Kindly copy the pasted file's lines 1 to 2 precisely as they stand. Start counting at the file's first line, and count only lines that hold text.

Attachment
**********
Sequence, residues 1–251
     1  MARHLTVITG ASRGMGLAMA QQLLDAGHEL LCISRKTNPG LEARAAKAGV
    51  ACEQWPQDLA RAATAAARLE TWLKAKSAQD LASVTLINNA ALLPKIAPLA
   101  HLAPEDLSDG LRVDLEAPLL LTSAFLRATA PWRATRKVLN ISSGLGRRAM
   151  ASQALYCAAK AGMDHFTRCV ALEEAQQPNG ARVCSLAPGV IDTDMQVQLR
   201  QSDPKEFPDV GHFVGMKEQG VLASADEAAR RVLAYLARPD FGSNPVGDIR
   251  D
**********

Sequence, residues 1–251
     1  MARHLTVITG ASRGMGLAMA QQLLDAGHEL LCISRKTNPG LEARAAKAGV